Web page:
Where is the study run from?
The trial is being co-ordinated by the Clinical Trials Service Unit (CTSU), University of Oxford. The trial will be undertaken at a single GP practice, the Hightown Surgery, based in Banbury, Oxfordshire.

When is the study starting and how long is it expected to run for?
The study is expected to start in May 2012, and is anticipated to complete trial procedures by December 2013.

Who is funding the study?
University of Oxford (UK).

Who is the main contact?
Professor Jane Armitage

Trial website

Contact information



Primary contact

Prof Jane Armitage


Contact details

Clinical Trial Service Unit & Epidemiological Studies Unit
University of Oxford
Richard Doll Building
Old Road Campus
Roosevelt Drive
United Kingdom
+44(0)1865 743743

Additional identifiers

EudraCT number number

Protocol/serial number


Study information

Scientific title

Biochemical Efficacy and Safety Trial of vitamin D (BEST-D): a dose-finding trial assessing biochemical and vascular effects of high dose vitamin D



Study hypothesis

Null hypothesis
Vitamin D3 in a dose of either 100mcg (4000 IU) or 50mcg (2000 IU) administered for 1 year, will not be sufficient to achieve blood 25(OH)D levels >90 nmol/L, in all older people living in the community.

Ethics approval

Not provided at time of registration

Study design

Double-blind placebo controlled randomised trial

Primary study design


Secondary study design

Randomised controlled trial

Trial setting


Trial type


Patient information sheet

Not available in web format, please use the contact details below to request a patient information sheet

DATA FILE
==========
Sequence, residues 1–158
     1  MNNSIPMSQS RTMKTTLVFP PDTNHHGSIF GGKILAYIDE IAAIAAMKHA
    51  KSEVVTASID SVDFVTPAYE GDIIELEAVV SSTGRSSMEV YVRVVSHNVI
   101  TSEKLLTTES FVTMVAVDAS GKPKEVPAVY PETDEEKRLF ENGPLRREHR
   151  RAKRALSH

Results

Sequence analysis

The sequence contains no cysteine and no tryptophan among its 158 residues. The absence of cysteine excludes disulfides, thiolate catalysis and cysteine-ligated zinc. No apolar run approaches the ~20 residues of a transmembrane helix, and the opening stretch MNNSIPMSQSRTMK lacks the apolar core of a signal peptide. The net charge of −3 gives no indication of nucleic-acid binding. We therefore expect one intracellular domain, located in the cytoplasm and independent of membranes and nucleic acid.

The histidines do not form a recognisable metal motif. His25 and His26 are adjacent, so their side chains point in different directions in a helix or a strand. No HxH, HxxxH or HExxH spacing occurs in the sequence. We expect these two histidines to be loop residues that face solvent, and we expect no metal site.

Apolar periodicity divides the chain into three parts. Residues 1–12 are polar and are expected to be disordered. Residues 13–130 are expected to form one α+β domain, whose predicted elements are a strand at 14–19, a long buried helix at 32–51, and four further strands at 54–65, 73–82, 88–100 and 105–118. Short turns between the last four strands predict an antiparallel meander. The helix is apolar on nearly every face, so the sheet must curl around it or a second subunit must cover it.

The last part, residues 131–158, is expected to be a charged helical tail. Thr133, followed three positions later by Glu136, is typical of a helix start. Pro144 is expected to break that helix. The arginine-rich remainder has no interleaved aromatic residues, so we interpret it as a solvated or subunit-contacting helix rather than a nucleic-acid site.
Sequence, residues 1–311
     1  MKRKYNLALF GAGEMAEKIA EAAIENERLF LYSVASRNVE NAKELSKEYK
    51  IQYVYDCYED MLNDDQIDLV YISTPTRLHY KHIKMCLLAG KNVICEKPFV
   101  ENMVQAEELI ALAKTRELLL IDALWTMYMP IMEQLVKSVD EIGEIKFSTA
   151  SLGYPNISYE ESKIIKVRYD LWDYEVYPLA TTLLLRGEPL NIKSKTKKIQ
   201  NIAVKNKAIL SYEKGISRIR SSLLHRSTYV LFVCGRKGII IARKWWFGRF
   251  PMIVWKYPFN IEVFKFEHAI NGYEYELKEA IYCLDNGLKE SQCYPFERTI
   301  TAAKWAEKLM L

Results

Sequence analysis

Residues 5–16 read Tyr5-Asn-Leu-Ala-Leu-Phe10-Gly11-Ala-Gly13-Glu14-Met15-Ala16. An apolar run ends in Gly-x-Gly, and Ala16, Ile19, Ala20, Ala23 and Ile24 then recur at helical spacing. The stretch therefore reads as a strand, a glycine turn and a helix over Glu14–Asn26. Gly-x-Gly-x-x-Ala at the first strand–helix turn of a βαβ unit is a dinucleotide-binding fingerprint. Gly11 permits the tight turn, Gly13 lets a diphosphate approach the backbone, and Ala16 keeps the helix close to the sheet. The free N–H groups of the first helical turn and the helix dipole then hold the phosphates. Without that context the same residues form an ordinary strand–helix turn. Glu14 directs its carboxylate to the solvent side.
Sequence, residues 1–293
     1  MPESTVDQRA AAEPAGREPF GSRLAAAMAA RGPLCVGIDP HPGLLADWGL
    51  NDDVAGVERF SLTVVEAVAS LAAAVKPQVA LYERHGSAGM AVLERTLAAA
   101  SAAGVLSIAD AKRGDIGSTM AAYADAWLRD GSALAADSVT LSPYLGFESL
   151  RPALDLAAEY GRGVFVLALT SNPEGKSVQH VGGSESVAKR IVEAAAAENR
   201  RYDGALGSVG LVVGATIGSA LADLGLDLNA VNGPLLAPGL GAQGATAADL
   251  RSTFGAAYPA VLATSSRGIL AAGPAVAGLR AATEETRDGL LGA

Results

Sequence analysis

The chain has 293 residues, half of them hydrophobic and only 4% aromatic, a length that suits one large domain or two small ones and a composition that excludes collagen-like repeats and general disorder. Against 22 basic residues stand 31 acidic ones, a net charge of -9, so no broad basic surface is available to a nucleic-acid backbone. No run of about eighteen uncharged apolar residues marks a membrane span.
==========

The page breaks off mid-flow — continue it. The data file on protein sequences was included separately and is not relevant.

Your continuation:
Safety and efficacy of vitamin D


50µg of vitamin D3 or 100 µg of vitamin D3 or matching placebo

Duration: 12 months of treatment

Intervention type



Not Applicable

Drug names

Primary outcome measures

1. The primary efficacy assessment will involve an “intention-to-treat” analysis among all randomized subjects of daily dietary supplementation with vitamin D3 100 µg vs vitamin D3 50 µg on the proportion of individuals with levels of 25(OH)D above 90 nmol/L at the end of the study.
2. A co-primary endpoint will be the difference between those allocated 100 vs 50 µg daily in the mean 25(OH)D levels at the scheduled study end

Secondary outcome measures

All secondary assessments will involve “intention-to-treat” analyses among all randomized subjects of the effects of daily supplementation with vitamin D3 100µg vs placebo, vitamin D3 50µg vs placebo, and the difference between the two doses of vitamin D on:
1. Mean blood levels of 25(OH)D during follow-up
2. The proportions of participants with blood 25(OH)D levels >90 nmol/L at the 6 and 12 month visits
3. The proportion of participants with PTH levels suppressed into the normal range at the 6 and 12 month visits